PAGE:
In his debut foray into religious writing, Bunting puts his scientific background to work in examining how the Judeo-Christian Creation story can be reconciled with modern understandings of origins.
Throughout this highly accessible offering, Bunting admits to his own long and, at times, uncomfortable journey from adherence to strict creationist concepts toward a more nuanced understanding that allows for conventional scientific theories on creation. Nevertheless, the author remains committed to his faith and to his belief in a creator God who also offers the promise of a personal relationship with the divine. After a short comparison of the Creation stories of various major faiths, Bunting explores the problematic issues arising from the Creation stories of the Bible. Among the most important points Bunting makes is the use of the Hebrew word yom in Genesis, which has traditionally been translated as “day,” but which could mean any period of time. In the context of a creation period lasting seven “days,” that knowledge is game-changing for the believer hoping to find bridges between biblical truth and scientific evidence. Later, Bunting tackles the problem of Adam and Eve’s creation being a mere 6,000 years ago, according to Genesis, while archaeology proves the existence of humans and humanoids for tens of thousands of years prior. Bunting believes that Adam was the first being endowed with God’s spirit, while other humanlike “animals” had existed long before. As the author puts it, “The truly significant event isn’t when God first created an intelligent being. The truly significant event is when God first breathed His spirit into such a being.” The author’s theory is an intriguing workaround, but it’s shaky at best and certainly bound to be controversial. Bunting faces a problem common to all modern thinkers attempting to reconcile faith and science—strong adherents to either extreme of the argument will not be so easily swayed. Nonetheless, Bunting has provided a thought-provoking work to counter the extremes of creationists and atheists alike. Above all else, this is a work of Christian apologetics, urging the reader to consider the big questions of existence and ultimate purpose in life, as well as what may come after death.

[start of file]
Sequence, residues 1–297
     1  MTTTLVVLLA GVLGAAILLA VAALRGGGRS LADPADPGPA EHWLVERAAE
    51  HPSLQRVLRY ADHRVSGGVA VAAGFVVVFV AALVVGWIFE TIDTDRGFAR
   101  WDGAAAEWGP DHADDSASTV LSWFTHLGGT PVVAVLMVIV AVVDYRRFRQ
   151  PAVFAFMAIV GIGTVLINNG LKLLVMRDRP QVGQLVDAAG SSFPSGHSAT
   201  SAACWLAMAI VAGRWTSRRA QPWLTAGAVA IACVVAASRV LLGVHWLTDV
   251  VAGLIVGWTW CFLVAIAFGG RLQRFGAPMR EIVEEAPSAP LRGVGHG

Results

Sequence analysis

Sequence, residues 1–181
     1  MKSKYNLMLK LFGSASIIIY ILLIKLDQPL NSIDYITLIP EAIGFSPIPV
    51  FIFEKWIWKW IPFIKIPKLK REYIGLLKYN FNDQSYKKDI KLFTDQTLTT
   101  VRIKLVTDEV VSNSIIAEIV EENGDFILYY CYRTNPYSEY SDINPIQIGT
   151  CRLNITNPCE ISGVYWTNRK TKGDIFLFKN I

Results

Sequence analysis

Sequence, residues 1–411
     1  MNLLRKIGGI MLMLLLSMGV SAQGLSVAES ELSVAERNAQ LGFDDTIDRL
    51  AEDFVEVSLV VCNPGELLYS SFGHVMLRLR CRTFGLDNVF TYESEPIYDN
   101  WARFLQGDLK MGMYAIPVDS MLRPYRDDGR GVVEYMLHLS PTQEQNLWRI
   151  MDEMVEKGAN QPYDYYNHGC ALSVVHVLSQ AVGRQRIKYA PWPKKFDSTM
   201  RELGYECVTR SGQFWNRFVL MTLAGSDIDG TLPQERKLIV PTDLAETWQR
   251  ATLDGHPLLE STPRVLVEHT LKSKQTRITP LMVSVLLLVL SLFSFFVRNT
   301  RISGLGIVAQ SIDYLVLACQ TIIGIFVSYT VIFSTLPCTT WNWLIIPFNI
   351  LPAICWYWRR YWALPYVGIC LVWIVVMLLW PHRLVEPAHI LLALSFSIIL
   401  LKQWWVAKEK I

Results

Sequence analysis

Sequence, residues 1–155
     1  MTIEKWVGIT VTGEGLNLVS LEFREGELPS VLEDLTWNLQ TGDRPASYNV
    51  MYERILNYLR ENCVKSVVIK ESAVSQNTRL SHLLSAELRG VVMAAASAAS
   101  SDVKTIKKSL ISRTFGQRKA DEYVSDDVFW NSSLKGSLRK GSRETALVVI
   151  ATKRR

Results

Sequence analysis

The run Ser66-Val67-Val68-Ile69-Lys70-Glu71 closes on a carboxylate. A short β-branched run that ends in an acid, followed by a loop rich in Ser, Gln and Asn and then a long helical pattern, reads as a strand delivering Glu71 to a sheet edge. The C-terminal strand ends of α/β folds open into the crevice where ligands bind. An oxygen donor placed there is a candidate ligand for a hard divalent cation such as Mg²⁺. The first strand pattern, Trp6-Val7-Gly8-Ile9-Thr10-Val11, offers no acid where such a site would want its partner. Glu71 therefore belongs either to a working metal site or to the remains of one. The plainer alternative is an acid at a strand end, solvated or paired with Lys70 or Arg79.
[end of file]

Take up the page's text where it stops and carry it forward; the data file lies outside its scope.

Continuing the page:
Provides meaningful, accessible contributions to the science vs. creation debate, but “proof” continues to be elusive.